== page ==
Olivier Langoisseux, Bina, Indonesia, used the example of Central Java noting the problems of monocultures, water scarcity and youth unemployment. He said a cooperative is identifying “local champions” among farmers and developing agro-services in order to facilitate collective market access.

Gabriel Sarasin, Réseau Africain des foréts modernes, Democratic Republic of the Congo, discussed the Model Forest, which was first presented at the UN Conference on Environment and Development, in Rio de Janeiro, Brazil, in 1992. He said the model originated in Canada, where forest issues were characterized by conflicts between the forest industry and communities.

He attributed the success of the conflict resolution model on a long-term process, providing platforms for representation of diverse stakeholders, including industry, government and civil society. He reported this model has been applied 60 times throughout the world, sharing knowledge through a common network.


Moderator Giraud introduced the panel. Beria Leimona, ICRAF, presented a movie on and spoke about shared-benefits agreement-based community and industry collaboration experiences in Indonesia. She noted one incentive for community engagement in watershed area conservation, in their project, is access to electricity provided by the collaborating hydroelectric power company. She said electrification increases the productivity of the community, for example by illuminating the village at night.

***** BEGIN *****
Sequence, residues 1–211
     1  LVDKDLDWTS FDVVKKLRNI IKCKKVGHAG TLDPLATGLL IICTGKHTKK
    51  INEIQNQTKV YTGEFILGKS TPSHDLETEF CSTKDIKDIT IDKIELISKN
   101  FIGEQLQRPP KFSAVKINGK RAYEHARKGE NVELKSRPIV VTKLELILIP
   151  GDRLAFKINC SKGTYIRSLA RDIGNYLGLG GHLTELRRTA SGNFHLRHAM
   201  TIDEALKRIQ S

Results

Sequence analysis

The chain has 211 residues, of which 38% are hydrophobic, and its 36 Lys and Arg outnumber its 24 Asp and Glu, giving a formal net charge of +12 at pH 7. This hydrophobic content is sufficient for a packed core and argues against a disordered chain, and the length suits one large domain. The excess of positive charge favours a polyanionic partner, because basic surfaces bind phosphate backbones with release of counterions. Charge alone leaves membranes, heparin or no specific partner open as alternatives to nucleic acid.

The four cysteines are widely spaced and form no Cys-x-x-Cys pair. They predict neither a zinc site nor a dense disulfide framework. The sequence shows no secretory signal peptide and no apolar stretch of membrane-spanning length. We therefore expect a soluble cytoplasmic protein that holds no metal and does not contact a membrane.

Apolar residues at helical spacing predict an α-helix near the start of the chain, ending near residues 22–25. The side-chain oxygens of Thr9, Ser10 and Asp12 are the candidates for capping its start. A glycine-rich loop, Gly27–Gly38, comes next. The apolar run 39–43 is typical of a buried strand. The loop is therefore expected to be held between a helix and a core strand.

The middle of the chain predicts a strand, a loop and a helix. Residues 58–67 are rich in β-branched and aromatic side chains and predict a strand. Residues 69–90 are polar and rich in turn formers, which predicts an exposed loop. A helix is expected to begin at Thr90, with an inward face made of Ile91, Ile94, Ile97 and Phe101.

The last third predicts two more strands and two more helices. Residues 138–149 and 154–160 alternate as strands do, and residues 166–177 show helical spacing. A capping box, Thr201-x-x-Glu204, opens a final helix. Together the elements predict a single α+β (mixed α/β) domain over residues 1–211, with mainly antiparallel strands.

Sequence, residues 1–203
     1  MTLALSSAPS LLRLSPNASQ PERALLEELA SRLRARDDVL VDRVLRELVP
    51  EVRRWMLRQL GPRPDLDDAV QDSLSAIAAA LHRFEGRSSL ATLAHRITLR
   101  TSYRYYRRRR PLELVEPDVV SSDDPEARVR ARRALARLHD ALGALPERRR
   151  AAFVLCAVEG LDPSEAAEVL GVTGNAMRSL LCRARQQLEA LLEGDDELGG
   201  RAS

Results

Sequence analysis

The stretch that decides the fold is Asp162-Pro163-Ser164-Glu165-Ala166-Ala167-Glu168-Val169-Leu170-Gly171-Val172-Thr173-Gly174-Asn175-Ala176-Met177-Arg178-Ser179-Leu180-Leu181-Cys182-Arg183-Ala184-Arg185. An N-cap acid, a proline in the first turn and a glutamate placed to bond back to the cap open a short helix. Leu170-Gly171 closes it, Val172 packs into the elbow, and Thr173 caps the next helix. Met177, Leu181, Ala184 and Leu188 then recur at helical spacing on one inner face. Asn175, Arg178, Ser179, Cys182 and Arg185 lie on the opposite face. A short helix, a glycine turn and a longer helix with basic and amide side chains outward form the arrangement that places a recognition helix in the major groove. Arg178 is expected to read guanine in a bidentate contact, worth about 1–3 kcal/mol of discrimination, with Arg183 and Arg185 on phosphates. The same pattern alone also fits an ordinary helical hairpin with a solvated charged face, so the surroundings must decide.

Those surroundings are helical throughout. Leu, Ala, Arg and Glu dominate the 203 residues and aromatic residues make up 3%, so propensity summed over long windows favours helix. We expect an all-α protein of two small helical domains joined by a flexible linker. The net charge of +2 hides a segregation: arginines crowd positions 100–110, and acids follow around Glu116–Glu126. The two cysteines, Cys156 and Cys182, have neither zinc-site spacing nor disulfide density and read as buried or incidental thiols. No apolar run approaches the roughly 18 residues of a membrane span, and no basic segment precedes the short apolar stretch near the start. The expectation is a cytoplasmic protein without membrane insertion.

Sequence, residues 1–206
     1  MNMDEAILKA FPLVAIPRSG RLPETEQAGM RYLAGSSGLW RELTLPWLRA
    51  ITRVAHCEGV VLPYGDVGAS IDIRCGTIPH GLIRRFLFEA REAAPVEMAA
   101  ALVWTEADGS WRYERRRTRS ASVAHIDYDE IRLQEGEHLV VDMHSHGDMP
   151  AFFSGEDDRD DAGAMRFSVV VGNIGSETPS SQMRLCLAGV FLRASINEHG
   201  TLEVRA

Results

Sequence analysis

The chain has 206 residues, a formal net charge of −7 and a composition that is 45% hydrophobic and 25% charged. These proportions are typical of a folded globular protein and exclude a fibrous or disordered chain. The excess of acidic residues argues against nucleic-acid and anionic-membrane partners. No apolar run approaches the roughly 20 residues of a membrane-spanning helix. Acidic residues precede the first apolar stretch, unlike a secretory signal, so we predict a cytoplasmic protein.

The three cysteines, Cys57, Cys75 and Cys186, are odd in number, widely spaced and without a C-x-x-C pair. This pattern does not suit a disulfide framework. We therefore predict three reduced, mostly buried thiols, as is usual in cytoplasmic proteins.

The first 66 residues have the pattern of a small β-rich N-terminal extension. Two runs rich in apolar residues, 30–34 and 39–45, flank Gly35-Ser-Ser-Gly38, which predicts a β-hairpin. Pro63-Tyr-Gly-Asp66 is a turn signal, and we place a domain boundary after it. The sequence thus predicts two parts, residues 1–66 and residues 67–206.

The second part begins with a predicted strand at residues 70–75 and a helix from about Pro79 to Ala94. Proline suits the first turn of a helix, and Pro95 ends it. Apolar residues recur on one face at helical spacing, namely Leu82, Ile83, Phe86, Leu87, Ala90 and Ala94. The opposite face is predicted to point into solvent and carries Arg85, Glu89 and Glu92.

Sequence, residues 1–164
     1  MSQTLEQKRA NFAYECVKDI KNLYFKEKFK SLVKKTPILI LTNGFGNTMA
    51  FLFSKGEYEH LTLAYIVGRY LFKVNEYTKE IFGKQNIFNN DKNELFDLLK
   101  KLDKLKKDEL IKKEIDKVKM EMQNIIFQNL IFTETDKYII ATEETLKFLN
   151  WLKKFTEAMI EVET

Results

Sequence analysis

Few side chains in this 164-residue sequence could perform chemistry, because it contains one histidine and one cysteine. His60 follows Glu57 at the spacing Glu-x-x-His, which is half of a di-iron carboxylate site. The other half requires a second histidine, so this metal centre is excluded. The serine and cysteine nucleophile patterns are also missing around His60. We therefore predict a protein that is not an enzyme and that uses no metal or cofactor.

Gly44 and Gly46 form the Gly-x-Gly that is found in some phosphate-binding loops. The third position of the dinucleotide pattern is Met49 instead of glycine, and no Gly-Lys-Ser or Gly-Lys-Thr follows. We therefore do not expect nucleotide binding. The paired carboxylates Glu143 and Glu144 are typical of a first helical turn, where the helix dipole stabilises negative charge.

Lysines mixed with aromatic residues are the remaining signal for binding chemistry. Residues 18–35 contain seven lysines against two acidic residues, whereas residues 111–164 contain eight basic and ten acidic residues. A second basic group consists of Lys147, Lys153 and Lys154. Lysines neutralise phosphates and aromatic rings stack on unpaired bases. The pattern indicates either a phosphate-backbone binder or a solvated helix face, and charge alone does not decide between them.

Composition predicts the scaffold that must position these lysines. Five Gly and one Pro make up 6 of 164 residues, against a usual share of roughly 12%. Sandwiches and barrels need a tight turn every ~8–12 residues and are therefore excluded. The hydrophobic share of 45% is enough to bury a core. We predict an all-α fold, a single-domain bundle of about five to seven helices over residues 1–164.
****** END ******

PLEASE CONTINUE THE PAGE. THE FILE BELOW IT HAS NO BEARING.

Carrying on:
Bambang Suprayogi, Yagasu, Indonesia, reported on experiences in Indonesia, which aim to provide short-term returns to local communities in terms of food security. He stressed engaging people by providing tangible benefits.

Amos Wekeza, ICRAF, provided information about a Kenyan project, which organizes local farmers to address agro-forestry issues. He said the project encourages adoption of sustainable development and sustainable forest management practices, with farmers benefiting from increased productivity and regenerated land.

Timm Tennigkeit, Camide Unique, Germany, observed that monitoring is difficult in many parts of the world, explaining that while long-term monitoring is necessary to target interventions, often monitoring is not scientifically robust. Reflecting on the project described by Wekeza, he said this project illustrates that villagers are interested in engaging in monitoring. He stressed that this model is applicable to biodiversity, and called for exploring synergies between monitoring by scientists, governments and communities.

Alou Keita, CAMIDE, Mali, reported on microfinance projects mobilizing resources from emigrants to France, which has now evolved to 19 funds. Created in 1998, he said the key to success was “community base management,” which includes locals in the process.